Do you feel like your life doesn’t give you any time for yourself?
You want to focus on the things you love, but your work and responsibilities drain your time away.
If only it was possible to earn the money you need and still have time left over.
This was how ‘Mom-Pruner’ Christine Krogue used to feel…
But one great idea later and everything changed!
By the end of 2017, Christine had reportedly sold US$3.7 million worth of products on Amazon.
Today she is a successful entrepreneur. She’s featured on ABC and is one of the numerous Amazon successes.
This is her story.
Turning an Idea into Profit
Christine was a stay-at-home mom in Salt Lake City.
She had four children and little spare time. She spent days thinking about how to improve her life and the lives of her kids.
One day, she sewed socks onto a pair thermal pants so that her youngest child couldn’t take them off. That’s when the spark of inspiration hit her:
“Why shouldn’t I sell this to other moms?”
She found a manufacturer that could make the product, and started selling on Amazon.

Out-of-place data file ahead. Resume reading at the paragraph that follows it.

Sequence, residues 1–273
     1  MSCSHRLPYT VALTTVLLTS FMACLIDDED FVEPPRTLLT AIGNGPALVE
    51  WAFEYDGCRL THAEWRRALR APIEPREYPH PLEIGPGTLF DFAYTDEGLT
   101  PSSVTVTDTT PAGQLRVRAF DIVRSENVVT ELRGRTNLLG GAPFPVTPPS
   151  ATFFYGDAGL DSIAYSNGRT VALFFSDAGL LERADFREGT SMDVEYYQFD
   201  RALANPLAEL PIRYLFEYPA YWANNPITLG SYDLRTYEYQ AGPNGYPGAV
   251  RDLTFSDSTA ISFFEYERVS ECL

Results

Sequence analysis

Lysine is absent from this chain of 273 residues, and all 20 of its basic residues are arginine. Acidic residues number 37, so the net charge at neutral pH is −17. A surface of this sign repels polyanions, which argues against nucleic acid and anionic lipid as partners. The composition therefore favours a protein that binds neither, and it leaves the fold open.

The business grew over the years. Her store attracted people interested in children’s products.
That’s why she decided to sell toys and other things.
What started at a few sales a week became a hundred sales a day.
A few years later, she earned her first million.
Until You Have Time to Spare
The organic growth of her Amazon store allowed Christine to have more spare time. Her products made Amazon’s top-selling lists.
And she kept expanding on her niche as her popularity grew.
She finally had all the time she wanted to spend with her kids.
“It’s been really great in terms of work/life balance and flexibility for me. I do my children’s carpools. I take them to piano lessons. I can be home when they’re sick,” she says.
It’s possible to start an Amazon store from scratch. You just need an Amazon account and the insider knowledge to get started.
Free 90 Minute Webcast Reveals
How to Make a Healthy Income Selling Products on Amazon - Even if you Have No Idea What to Sell Yet
Without ever storing a single product – or even going to the post-office